Purpose: To present our experience performing percutaneous cholangioscopy in the management of 25 patients with biliary disease.Methods: During the last 3 years, 26 percutaneous cholangioscopies were performed in 25 patients with common bile duct disease (n = 16), intrahepatic ducts disease (n = 6), and gallbladder disease (n = 4). Our patient population group included seven with common bile duct stones, three with intrahepatic lithiasis, and eight with benign strictures (six iatrogenic and two postinflammatory). In four patients malignancy was to be excluded, in two the tumor extent was to be evaluated, whereas in one case the correct placement of a metallic stent needed to be controlled. A 9.9 Fr flexible endoscope URF-P (Olympus, 1.2 mm working channel, 70-cm length) was used.Results: In total, percutaneous cholangioscopy answered 30 diagnostic questions, was technically helpful in 19 cases (performing lithotripsy or biopsy or guiding a wire), and of therapeutic help in 12 (performing stone retrieval). In 24 of 26 cases the therapeutic decision and the patient management changed because of the findings or because of the help of the method. In two cases biliary intervention failed to treat the cause of the disease. No major complication due to the use of the endoscopy was noted.Conclusions: Percutaneous cholangioscopy is a very useful tool in the management of patients with biliary disease. The method can help in diagnosis, in performing complex interventional procedures, and in making or changing therapeutic decisions

  1. Everolimus-eluting bioresorbable stent vs. durable polymer everolimus-eluting metallic stent in patients with ST-segment elevation myocardial infarction

    DEFF Research Database (Denmark)

    Sabaté, Manel; Windecker, Stephan; Iñiguez, Andres

    2016-01-01

    AIMS: Patients with ST-segment elevation myocardial infarction (STEMI) feature thrombus-rich lesions with large necrotic core, which are usually associated with delayed arterial healing and impaired stent-related outcomes. The use of bioresorbable vascular scaffolds (Absorb) has the potential...

  2. Mechanical properties of various z-stent designs: an endovascular stent-grafting perspective.

    Science.gov (United States)

    Bashar, Abul Hasan Muhammad; Kazui, Teruhisa; Washiyama, Naoki; Terada, Hitoshi; Yamashita, Katsushi; Haque, Mohammad E

    2003-08-01

    To comparatively assess the mechani-cal behavior of various clinically relevant Z-stent designs. A total of 16 Z-stents of original, biliary, spiral, and double-skirted designs (n=4 for each) were constructed using similar specifications for all. Stents were then evaluated for stiffness, snap opening force (SOF), flexibility, and displacement force using a novel tensiometer. Differences among the stents were determined using statistical methods. Stents explanted from dog aorta after a mean follow-up of 13 months were examined under a scanning electron microscope for surface defects. Forces required for about 50% reduction in diameter were 1.88 +/- 0.16 N, 3.81 +/- 0.21 N, 2.76 +/- 0.22 N, and 3.35 +/- 0.19 N for original, biliary, spiral, and skirted designs, respectively. Differences among the four designs were statistically significant at almost all points of measurement (P designs showed higher SOF values in the early measurements. Stents explanted from dog aorta after a mean duration of 13 months showed no obvious corrosion or breakage in the wire struts. Significant differences exist among the various Z-stent designs in terms of their mechanical properties. Understanding them should help to select the appropriate stent for a given lesion. 316L stainless steel shows a favorable long-term tissue interaction.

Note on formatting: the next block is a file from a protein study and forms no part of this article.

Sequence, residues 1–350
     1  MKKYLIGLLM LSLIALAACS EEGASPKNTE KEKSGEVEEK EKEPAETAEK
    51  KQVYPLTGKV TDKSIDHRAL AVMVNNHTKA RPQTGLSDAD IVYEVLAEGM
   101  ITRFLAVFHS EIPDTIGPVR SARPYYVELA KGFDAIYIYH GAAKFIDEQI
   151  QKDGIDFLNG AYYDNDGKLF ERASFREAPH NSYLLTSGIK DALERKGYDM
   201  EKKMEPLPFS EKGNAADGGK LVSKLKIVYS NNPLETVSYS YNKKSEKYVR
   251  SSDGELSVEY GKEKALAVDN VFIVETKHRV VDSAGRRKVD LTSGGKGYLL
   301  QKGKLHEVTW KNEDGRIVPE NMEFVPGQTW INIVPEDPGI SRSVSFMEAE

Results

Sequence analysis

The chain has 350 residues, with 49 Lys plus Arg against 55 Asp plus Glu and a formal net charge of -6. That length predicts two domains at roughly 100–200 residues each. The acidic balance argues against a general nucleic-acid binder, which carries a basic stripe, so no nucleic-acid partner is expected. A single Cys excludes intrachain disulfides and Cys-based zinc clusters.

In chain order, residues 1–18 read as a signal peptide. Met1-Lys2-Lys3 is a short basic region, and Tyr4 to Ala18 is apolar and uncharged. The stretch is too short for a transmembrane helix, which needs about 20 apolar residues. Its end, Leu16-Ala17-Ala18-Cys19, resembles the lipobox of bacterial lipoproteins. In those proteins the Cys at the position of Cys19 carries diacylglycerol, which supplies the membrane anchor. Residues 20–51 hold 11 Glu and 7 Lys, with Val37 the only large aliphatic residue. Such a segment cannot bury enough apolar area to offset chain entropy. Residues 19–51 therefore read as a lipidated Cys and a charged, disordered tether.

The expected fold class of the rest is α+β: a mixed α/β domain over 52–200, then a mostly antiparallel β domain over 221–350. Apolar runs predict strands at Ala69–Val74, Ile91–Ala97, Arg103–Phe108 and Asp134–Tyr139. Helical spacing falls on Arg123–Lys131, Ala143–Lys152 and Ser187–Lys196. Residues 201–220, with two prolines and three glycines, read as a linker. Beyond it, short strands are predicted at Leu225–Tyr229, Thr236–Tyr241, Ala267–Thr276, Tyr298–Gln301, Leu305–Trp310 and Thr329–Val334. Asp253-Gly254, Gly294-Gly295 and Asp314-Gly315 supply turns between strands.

3. The efficacy and safety of PRO-kinetic metal alloy stent in hospitalized patients with acute ST-elevation myocardial infarction (The PROMETHEUS Study).

    Science.gov (United States)

    Lim, Sang-Yup; Park, Hyun-Woong; Chung, Woo-Young; Kim, Song-Yee; Kim, Ki-Seok; Bae, Jang-Whan; Youn, Tae-Jin

    2012-06-01

    We evaluated the clinical and angiographic outcomes of silicon carbide-coated cobalt chromium PROKinetic bare-metal stent in patients with acute ST-segment elevation myocardial infarction (STEMI) who underwent primary percutaneous coronary intervention (PCI). Patients with acute STEMI (2.75-5.00 mm vessels; lesion length ≤30 mm by visual estimation) were treated with PRO-Kinetic stents at 5 centers in Korea. The primary endpoint was the rate of major adverse cardiac events (MACE), defined as all-cause death, new myocardial infarction, and target lesion revascularization (TLR) at 6-month follow-up. Follow-up angiography was recommended after the completion of the 6-month clinical followup. A total of 64 patients (56.6 ± 12.9 years old, 56 male) were enrolled in the study. Procedural success was achieved in 100% of the lesions. The mean stent size was 3.51 ± 0.67 mm and the mean stent length was 20.3 ± 4.4 mm. There was 1 case of in-hospital death due to cardiac tamponade. During the 6-month clinical follow-up, 4 patients (6.3%) received TLR. Therefore, the total rate of MACE was 7.8%. Angiographic follow-up data were available for 42 patients (65.6%) and the in-stent late lumen loss was 1.02 ± 0.62 mm and in-segment late lumen loss was 0.99 ± 0.64 mm. Binary restenosis occurred in 53% of reference vessel diameters (RVDs) ≤3.0 mm, 25% of RVDs between 3.0 and 3.5 mm, and 0% of RVDs >3.5 mm (P=.006). The use of the PRO-Kinetic stent seems to be safe and feasible in primary PCI for acute STEMI, and shows favorable clinical and angiographic outcomes in large (>3.0 mm) coronary arteries, but not in small arteries.

  4. Long-term safety and outcome of a temporary self-expanding metallic stent for achalasia: a prospective study with a 13-year single-center experience

    International Nuclear Information System (INIS)

    Zhao, Jun-Gong; Li, Yong-Dong; Li, Ming-Hua; Shang, Ke-Zhong; Cheng, Ying-Sheng; Chen, Ni-Wei; Chen, Wei-Xiong